The Musculoskeletal System And The Senior Citizen
The Geriatric Patient and the Musculoskeletal System Aging has an effect on the musculoskeletal system with most of the devastating damage being done to the bone and joints of the system.
The resultant damage creates pain and problems with mobility. Musculoskeletal disease is usually the culprit when the elderly are unable to function due to a decrease in mobility. Did you know that throughout your life your bones are replaced and remodeled? New cells replace old bone cells.
This is your body's way of adjusting to the stress you place on it over time. At least until around age 35 at which time bones cells tend to wear out faster than new ones can replace them. When this occurs we can experience a gradual bone loss. When the bone "mass" loss reaches a density of 2.5 standard deviations or more below the mean value for young adults the condition is referred to as "osteoporosis" according to the World Health Organization (WHO).
The result of which is fragility of the bone with a greater risk for fracture upon even the mildest of trauma. Osteoporosis - What increases Your Risk For It: Loss of estrogen production such as that in menopausal women Age itself due to the loss of bone mass that happens naturally with advanced age
A diet poor in calcium Those who are inactive because it is through activity that bone is remodeled in response to the stresses we put on it through activity Using a high dose of corticosteroids over a period of 3 months or longer. Alcohol abuse and smoking.
Amenorrhea (lack of menstrual period in women) due to over-exercise. Family history of osteoporosis.
More information regarding Osteoporosis:
Fractures can also occur when one has osteoporosis without any obvious sign of trauma or pain. This can occur in the bones of the spine where the bones crush or collapse into each other which results in a height loss of up to several centimeters.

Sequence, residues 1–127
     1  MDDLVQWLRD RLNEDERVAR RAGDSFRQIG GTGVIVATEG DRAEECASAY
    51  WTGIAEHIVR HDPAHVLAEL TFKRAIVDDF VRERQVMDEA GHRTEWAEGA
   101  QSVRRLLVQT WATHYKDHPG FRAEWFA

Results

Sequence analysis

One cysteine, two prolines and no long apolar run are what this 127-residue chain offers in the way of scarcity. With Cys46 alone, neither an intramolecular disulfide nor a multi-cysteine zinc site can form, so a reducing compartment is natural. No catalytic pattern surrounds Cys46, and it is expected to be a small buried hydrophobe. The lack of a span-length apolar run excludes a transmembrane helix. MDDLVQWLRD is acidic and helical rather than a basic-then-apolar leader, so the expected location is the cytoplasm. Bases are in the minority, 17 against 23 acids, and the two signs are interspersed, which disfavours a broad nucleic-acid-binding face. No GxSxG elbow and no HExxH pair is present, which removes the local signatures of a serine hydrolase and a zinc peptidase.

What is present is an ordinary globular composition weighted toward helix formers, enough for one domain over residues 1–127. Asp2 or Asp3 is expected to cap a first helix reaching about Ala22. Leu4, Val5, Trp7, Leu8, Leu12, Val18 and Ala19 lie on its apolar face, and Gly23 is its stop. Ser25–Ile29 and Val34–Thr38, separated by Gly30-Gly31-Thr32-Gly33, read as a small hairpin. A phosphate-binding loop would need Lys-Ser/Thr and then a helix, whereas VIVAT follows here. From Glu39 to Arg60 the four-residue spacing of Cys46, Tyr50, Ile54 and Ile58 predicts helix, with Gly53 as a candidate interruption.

This will show itself in a hunched back posture, sometimes called humpback or dowager's hump. Other common fractures occur in the wrist or hip areas. The two forms of arthritis (osteoarthritis and rheumatoid) are common ailments in advanced age.
Rheumatoid is more common in women than it is in men. Osteoarthritis is the more common of the two. Affected areas of osteoarthritis most often affected are the knees and hips.
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Screening for breast, colorectal, prostate, and other cancers are important to aging adults. You should also be screened regularly for diabetes, cardiovascular problems, and osteoporosis.
Chronic diseases can cause a heavy financial burden on aging adults and their families. If they do not have resources to pay for their own care, it can also mean a financial load for state and federal governments.
Another musculoskeletal condition is known as "osteomalacia". It is when bone does not properly calcify and becomes soft and weak. The cause seems to be a problem with the metabolism of Vitamin D and can occur when there is gastrointestinal problems or kidney failure.
Gardening can be a great way to stay busy, as well as give us some exercise. If you don't have room for a garden of your own, could volunteer to help with someone elses garden. You could find some indoor plants for your home, and they will add a pleasant aroma to the air.
The condition can be exacerbated by lack of sun exposure because sunlight is needed to allow Vitamin D to be absorbed by the skin. Poor diet in vitamin D, renal disease and even anticonvulsants can contribute to the occurrence of osteomalacia.
Symptoms can be bone pain, weakness and tenderness as well as a "waddling gait" and some difficulty being able to get in and out of chairs as well as difficulty going up and down stairs.
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